Democratic and Republican leaders left their Friday meeting without an agreement—or much progress—on a broad stimulus bill, which would include a second round of stimulus checks to help Americans cope with the pandemic.
“It was a disappointing meeting. We reiterated in very strong terms our offer: We come down $1 trillion from our top number, which was $3.4 trillion, and they go up $1 trillion from their top number, which was $1 trillion. And that way we could begin to meet in the middle,” Senate minority leader Chuck Schumer told reporters Friday.
Schumer told reporters that White House officials rejected that offer.
Treasury Secretary Steven Mnuchin walked out of the Friday meeting and told reporters the two parties are closer on a number of issues, including for schools. But disagreements remain on state and local funding and enhanced unemployment benefits. The latter, which was $600 per week, expired the week ending July 25.
“We have asked them for a specific comprise on state and local, and specific compromise on [enhanced] unemployment. We have not received proposals [from Democratic leaders] on that,” Mnuchin told reporters Friday. “I think if we can reach an agreement on state and local and [enhanced] unemployment, we will reach an overall deal. If we can’t, we can’t.”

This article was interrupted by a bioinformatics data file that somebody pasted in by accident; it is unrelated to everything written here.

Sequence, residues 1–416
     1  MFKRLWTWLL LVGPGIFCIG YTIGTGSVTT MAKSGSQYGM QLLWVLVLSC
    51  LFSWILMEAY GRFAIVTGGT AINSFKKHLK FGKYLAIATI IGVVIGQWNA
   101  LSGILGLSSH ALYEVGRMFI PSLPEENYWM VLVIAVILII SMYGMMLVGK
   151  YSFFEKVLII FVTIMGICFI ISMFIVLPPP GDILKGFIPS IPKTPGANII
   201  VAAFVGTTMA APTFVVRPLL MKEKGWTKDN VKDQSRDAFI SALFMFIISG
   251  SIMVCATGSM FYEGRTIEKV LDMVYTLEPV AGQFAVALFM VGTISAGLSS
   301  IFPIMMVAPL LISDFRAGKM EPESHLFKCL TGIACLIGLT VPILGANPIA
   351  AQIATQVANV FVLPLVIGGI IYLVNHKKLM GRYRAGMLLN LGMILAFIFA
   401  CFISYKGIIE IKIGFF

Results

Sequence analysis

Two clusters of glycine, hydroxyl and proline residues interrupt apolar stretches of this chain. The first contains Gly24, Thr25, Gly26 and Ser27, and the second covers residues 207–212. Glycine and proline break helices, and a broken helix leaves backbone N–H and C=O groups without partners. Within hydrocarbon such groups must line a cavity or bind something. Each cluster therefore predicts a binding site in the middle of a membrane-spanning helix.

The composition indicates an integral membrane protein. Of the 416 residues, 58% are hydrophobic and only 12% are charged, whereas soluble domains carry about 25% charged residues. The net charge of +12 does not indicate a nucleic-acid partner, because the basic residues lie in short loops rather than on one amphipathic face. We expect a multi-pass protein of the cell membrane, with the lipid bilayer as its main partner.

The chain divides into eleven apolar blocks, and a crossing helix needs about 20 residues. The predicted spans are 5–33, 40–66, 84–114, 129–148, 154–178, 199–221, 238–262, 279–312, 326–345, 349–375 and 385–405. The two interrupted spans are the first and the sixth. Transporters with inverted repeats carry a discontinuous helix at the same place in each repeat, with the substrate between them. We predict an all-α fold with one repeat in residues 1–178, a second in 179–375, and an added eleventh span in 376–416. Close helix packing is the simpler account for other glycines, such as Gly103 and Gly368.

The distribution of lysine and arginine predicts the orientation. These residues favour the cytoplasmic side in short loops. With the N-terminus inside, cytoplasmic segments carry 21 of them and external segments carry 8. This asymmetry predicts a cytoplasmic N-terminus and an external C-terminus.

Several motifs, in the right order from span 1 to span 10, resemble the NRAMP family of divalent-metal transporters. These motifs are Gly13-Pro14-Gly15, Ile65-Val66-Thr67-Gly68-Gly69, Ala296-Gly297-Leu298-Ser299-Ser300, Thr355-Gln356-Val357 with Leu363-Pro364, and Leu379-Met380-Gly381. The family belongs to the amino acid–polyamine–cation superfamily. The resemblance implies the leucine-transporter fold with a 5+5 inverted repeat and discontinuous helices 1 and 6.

The White House, Senate Republicans and House Democrats all support sending another round of $1,200 stimulus checks to Americans.
It’s unclear if the two parties can come to an agreement by the end of Friday—which marks the Republican self-imposed deadline. White House chief of staff Mark Meadows told reporters Wednesday a stimulus deal would become much less likely to pass at all if Republicans and Democrats don’t make progress or agree to a deal by the end of the week.
Data released Friday also showed that the unemployment rate dropped from 11.1% in June to 10.2% in July, soundly beating consensus estimates. However, it means 16.4 million Americans are still out of work—three times the jobless levels pre-COVID-19. A jobless rate remaining above double-digits could pressure Congress to make a deal.